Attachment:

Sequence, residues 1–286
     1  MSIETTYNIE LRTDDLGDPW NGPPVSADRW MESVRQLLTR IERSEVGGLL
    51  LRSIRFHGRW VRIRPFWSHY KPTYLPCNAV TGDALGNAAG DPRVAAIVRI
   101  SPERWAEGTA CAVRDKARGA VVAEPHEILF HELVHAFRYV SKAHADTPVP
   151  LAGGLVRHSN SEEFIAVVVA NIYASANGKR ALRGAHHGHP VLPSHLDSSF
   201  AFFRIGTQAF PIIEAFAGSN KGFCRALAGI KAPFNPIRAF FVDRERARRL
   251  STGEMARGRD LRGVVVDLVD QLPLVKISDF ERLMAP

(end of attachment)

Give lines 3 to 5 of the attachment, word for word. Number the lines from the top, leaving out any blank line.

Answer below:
    51  LRSIRFHGRW VRIRPFWSHY KPTYLPCNAV TGDALGNAAG DPRVAAIVRI
   101  SPERWAEGTA CAVRDKARGA VVAEPHEILF HELVHAFRYV SKAHADTPVP
   151  LAGGLVRHSN SEEFIAVVVA NIYASANGKR ALRGAHHGHP VLPSHLDSSF